Okay, here's where the theory begins. Like I said I've planned this out in such a way that hopefully everyone should be able to follow even if they have little knowledge of compiler mechanics.

Our language, which we shall called FooLang for argument's sake, will work by scanning a line of text, terminated by a semi-colon, and executing it. The following will all be valid examples of FooLang lines:

```
a = 45;
b = a;
print a;
d = a + b + a;
c = "Foo bar baz";
print "Baz bar foo";
```

As you can see, any text outside of strings that isn't "print" is considered a variable. Thus, the first line assigns 45 to a, the second assigns a to b, etc. The four example is of particular interest as it is a complex statement - there are three operators in there, and each one needs to be handled individually.

Handling simple statements such as "a = 10;" is quite easy - match variable, match equals, and match number. However, allowing statements that can be of any arbitrary size, such as "a = 10 * 10 + 5 - 3 * 4 - 9 / 2 * 10" isn't just a matter of writing dozens of rules for each possibility. Instead, we need some recursion. Ignoring problems such as operator associativity, our long equation above can be thought of like this:

```
a = 10 * (10 + (50 - (3 * (4 - (9 / (2 * 10))))));
```

That is, we multiply the last two first, then take the result of that and use it as the divisor for 9, then take the result of that and subtract it from 4, etc. Essentially what is happening is that the last three items are being taken off the equation, executed, and the result is being put back onto the end of the equation. This is then repeated again and again like this:

```
a = 10 * (10 + (50 - (3 * (4 - (9 / (2 * 10))))));
a = 10 * (10 + (50 - (3 * (4 - (9 / 20)))));
a = 10 * (10 + (50 - (3 * (4 - 0.45))));
a = 10 * (10 + (50 - (3 * 3.55)));
a = 10 * (10 + (50 - 10.65));
a = 10 * (10 + 39.35);
a = 10 * 49.35;
a = 493.5
```

At the end we have our simple rule, VARIABLE EQUALS NUMBER, so all we have to do is write a handler for that. Previously we looked at using an array like a double-ended queue, which means adding and removing items to and from the front and back of the array. If we only add or remove items from the back, what we'd have is the "stack" data structure, and we can manipulate our array stack using *array_push()* to push an item onto the end of the stack and *array_pop()* to pop an item off the stack.

Now look at the first two lines of the expression break down again:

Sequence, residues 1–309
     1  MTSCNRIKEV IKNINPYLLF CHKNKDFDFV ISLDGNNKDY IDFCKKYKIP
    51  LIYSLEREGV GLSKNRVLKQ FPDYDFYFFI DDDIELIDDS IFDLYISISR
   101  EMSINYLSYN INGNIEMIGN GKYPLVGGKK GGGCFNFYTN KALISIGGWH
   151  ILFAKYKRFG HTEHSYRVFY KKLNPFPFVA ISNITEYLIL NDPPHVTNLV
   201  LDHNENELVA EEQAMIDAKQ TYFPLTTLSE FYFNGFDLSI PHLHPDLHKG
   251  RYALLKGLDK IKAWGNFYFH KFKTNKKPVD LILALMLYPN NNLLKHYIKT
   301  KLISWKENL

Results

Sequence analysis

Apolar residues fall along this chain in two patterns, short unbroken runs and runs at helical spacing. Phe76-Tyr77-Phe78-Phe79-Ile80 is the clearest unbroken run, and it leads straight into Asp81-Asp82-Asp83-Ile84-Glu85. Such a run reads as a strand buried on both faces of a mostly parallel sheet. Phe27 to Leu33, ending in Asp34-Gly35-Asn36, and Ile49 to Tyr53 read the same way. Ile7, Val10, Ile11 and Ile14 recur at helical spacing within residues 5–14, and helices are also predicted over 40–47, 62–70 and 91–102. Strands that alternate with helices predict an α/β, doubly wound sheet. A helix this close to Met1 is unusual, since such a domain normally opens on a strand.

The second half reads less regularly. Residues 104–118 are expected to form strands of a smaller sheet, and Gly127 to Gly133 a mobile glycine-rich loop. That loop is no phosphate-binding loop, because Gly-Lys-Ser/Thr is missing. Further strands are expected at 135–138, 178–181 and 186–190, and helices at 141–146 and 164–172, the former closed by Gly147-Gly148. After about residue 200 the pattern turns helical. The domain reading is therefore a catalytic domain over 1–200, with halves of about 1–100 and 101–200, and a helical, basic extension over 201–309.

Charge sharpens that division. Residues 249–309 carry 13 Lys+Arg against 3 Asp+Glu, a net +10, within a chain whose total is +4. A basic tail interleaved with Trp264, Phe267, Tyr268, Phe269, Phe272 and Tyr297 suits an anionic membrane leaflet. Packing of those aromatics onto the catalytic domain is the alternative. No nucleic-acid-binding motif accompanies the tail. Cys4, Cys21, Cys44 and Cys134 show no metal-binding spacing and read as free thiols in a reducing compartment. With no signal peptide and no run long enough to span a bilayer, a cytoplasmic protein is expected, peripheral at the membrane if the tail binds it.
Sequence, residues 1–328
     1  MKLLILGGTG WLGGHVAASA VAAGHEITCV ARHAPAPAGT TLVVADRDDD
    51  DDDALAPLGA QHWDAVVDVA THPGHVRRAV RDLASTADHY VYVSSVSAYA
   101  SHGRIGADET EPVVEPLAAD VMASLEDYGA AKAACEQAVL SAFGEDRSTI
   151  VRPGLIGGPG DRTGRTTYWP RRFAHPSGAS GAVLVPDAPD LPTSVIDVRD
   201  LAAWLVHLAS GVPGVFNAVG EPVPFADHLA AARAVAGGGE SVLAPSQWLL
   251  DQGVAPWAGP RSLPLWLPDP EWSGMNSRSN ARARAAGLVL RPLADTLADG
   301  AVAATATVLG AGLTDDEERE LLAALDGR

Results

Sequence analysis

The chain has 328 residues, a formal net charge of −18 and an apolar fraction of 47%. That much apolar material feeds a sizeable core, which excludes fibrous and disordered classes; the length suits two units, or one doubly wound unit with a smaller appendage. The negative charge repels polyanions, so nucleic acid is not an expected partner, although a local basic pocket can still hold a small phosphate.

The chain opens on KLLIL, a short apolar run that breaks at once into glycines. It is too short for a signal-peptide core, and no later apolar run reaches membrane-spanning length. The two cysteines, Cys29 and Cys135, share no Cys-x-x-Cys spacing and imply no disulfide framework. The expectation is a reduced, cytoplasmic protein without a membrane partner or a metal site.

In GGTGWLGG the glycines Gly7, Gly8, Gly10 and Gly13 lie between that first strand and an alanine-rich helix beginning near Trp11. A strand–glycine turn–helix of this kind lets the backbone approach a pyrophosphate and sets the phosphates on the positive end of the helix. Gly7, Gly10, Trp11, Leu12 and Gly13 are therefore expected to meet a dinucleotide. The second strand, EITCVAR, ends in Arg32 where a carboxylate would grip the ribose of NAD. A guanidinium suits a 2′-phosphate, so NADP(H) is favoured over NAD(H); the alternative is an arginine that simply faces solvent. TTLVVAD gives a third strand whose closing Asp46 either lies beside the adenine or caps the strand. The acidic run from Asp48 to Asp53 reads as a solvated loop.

```
a = 10 * (10 + (50 - (3 * (4 - (9 / (2 * 10))))));
a = 10 * (10 + (50 - (3 * (4 - (9 / 20)))));
```

If we're to use a stack to store this expression, this would look something like this (actions are in bold ):

```
a = 10 * (10 + (50 - (3 * (4 - (9 / (2 * 10))))));
pop 10
a = 10 * (10 + (50 - (3 * (4 - (9 / (2 *)))));
pop *
a = 10 * (10 + (50 - (3 * (4 - (9 / (2)))));
pop 2
a = 10 * (10 + (50 - (3 * (4 - (9 /))));
multiply 2 * 10
push result
a = 10 * (10 + (50 - (3 * (4 - (9 / 20)))));
```

Thus, a stack works perfectly for our needs. However, there's one more thing to consider: given that code needs to be executed in precisely the same way it was written, how can you be sure you're executing things correctly? That is, in the example above you can see the last two operations will be 2*10 then 9/20, but, if we start at the end, how do we know where to pass the result of 2*10?

The answer is that we need to set up recursion of the calculations, and this is best done using Reverse Polish Notation. This is a fancy term meaning that operators are postfix, or appended to the two operands.

For example, 2*10 becomes 2 10 *. This actually eliminates any problems of ambiguity, because a given expression can only be evaluated in one way. Our original expression was this:

```
a = 10 * (10 + (50 - (3 * (4 - (9 / (2 * 10))))));
```

In postfix notation, this is equal to

```
a 10 10 50 3 4 9 2 10 * / - * - + * =
```

Yes, that might look complicated to a reader, but to a computer it makes perfect sense, and will be analysed like this:

```
a 10 10 50 3 4 9 2 10 * / - * - + * =
pop =
a 10 10 50 3 4 9 2 10 * / - * - + *
pop *
a 10 10 50 3 4 9 2 10 * / - * - +
pop + (then, to save space here, it will also pop -, *, -, and /)
a 10 10 50 3 4 9 2 10 *
pop *, 10, and 2
a 10 10 50 3 4 9
calculate 10 * 2, push result, push previous operator
a 10 10 50 3 4 9 20 /
pop /, 20, and 9
Calculate 9 / 20, push result, push previous operator
a 10 10 50 3 4 0.45 -
Etc...
```

Essentially the code would pop off an element, and, if it's an operator, it would pop off another, and another, etc, until it finds two operands. These operands are then calculating with the last operator, and the result is pushed back onto the stack along with the previous operator. This process is then repeated and repeated until the stack is empty.

Of course, rather than pushing data back onto the stack, it's better to use a recursive function call, but I'm getting ahead of myself - let's start at the very beginning: how to parse text into tokens

**Next chapter: How to parse text into tokens >>**

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